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The Medieval Kitchen

A Social History with Recipes

We don’t usually think of haute cuisine when we think of the Middle Ages. But while the poor did eat a lot of vegetables, porridge, and bread, the medieval palate was far more diverse than commonly assumed. Meat, including beef, mutton, deer, and rabbit, turned on spits over crackling fires, and the rich showed off their prosperity by serving peacock and wild boar at banquets. Fish was consumed in abundance, especially during religious periods such as Lent, and the air was redolent with exotic spices like cinnamon and pepper that came all the way from the Far East.

In this richly illustrated history, Hannele Klemettilä corrects common misconceptions about the food of the Middle Ages, acquainting the reader not only with the food culture but also the customs and ideologies associated with eating in medieval times. Fish, meat, fruit, and vegetables traveled great distances to appear on dinner tables across Europe, and Klemettillä takes us into the medieval kitchens of Western Europe and Scandinavia to describe the methods and utensils used to prepare and preserve this well-traveled food. The Medieval Kitchen also contains more than sixty original recipes for enticing fare like roasted veal paupiettes with bacon and herbs, rose pudding, and spiced wine.
 
Evoking the dining rooms and kitchens of Europe some six hundred years ago, The Medieval Kitchen will tempt anyone with a taste for the food, customs, and folklore of times long past.

230 pages | 100 color plates | 7 1/2 x 9 4/5 | © 2012

Food and Gastronomy

Medieval Studies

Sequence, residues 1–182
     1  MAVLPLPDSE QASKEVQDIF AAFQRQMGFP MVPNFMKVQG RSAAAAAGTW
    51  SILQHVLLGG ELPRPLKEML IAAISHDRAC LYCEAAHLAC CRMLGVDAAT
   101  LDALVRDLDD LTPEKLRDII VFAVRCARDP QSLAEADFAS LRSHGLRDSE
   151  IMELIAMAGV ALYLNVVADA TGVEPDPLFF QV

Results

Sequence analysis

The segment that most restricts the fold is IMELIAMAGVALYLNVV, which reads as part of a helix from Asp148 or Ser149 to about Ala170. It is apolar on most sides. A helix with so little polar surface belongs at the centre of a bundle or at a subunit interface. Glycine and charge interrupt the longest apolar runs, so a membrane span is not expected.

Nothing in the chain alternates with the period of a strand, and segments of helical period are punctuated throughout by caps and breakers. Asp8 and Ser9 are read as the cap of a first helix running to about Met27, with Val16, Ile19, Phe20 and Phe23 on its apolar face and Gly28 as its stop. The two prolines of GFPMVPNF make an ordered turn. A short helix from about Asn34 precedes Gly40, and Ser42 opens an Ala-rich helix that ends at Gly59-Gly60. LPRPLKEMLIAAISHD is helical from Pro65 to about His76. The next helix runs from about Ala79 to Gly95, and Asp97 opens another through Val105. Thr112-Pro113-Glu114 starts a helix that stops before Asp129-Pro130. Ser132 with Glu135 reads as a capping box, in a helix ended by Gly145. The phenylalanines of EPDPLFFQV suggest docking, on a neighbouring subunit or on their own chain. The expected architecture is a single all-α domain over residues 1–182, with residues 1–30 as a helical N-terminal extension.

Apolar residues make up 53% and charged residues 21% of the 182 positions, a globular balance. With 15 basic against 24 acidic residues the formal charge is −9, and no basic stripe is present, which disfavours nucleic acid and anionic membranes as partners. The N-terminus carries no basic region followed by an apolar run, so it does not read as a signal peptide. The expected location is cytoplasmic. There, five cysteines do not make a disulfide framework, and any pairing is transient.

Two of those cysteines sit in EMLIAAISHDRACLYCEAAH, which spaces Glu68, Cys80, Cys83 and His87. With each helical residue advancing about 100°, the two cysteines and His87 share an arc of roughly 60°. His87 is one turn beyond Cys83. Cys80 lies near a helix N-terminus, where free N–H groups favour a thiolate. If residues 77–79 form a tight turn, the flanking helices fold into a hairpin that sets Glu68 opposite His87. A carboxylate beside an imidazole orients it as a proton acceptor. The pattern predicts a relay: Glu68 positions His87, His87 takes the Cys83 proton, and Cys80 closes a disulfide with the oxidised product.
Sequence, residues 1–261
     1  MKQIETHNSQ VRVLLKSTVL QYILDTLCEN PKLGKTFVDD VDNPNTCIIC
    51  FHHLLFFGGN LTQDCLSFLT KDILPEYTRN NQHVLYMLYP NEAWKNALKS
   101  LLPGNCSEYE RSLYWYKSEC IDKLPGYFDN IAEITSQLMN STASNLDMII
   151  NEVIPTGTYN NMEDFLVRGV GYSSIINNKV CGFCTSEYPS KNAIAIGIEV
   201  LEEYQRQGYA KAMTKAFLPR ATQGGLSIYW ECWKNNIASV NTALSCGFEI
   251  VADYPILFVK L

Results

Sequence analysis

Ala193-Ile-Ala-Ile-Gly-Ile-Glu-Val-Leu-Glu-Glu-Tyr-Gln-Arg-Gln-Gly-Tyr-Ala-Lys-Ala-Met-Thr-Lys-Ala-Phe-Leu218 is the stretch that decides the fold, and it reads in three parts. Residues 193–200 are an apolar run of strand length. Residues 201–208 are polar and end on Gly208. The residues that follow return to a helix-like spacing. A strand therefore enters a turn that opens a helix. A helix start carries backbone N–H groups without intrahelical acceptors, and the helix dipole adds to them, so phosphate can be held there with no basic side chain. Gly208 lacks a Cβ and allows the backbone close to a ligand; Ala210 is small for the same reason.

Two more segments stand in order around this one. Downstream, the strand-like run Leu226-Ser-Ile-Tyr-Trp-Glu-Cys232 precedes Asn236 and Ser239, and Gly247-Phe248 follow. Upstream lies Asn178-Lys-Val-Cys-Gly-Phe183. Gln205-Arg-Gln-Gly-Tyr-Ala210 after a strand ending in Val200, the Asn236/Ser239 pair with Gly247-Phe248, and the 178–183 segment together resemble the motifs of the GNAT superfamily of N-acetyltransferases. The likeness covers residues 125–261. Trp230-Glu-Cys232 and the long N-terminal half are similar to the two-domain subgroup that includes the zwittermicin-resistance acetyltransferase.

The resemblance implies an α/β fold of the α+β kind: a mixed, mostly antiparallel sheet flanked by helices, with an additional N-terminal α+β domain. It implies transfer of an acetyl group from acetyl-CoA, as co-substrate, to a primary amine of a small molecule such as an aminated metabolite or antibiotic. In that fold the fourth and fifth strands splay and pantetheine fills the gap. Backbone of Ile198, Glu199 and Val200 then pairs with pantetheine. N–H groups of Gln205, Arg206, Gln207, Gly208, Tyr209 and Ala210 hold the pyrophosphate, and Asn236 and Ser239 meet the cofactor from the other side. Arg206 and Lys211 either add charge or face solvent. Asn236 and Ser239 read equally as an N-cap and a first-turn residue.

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Reviews

“Oh no! Not whole-roasted ox again! Even for the aristocracy, medieval fare must have been boring, it’s been assumed. The reality was quite otherwise, Hannele Klemettilä reveals. This ‘social history with recipes’ is as delicious in its details as it is mouthwatering in its presentation. Granted, fine dining was a luxury, and prestige catering a mark of status: consumption could be outrageously conspicuous, then as now. In most places and at most times, however, fresh produce was available in abundance and even the relatively poor could expect to eat meat three times a week. More enterprising readers may want to take a stab at some of the 60-odd recipes in which Klemettilä serves up a splendid banquet of forgotten flavours.”

New Scotsman

“The chance to make your own medieval dishes brings Klemettilä’s history to life in your own kitchen. . . . She presents a fascinating picture of a very different mindset when it comes to food.”

National Catholic Reporter

The Medieval Kitchen is an admirable effort to elucidate how and what European peoples ate during the late Middle Ages. . . . The volume is filled with illustrations from medieval books of hours and other manuscripts; informative captions accompanying each illustration give historical context. This book is an ideal introduction to the topic for both students and adventurous cooks. Highly recommended.”

Choice

Table of Contents

Preface

1. An Epicurean Paradise
2. Our Daily Bread
3. Vegetables for all Occasions
4. Under the Spell of Meat
5. Bounties from the Deep
6. Ingenious Sauces, Seductive Spices
7. A Selection of Cheeses: Milk and Egg Dishes
8. Divine Desserts
9. Of Hippocras and Mead
10. In Search of a Forgotten World of Flavours

Festive Menu Suggestions for a Medieval-style Supper
Medieval Recipes for Modern Cooks
List of Illustrations
Bibliography
Acknowledgements
Index

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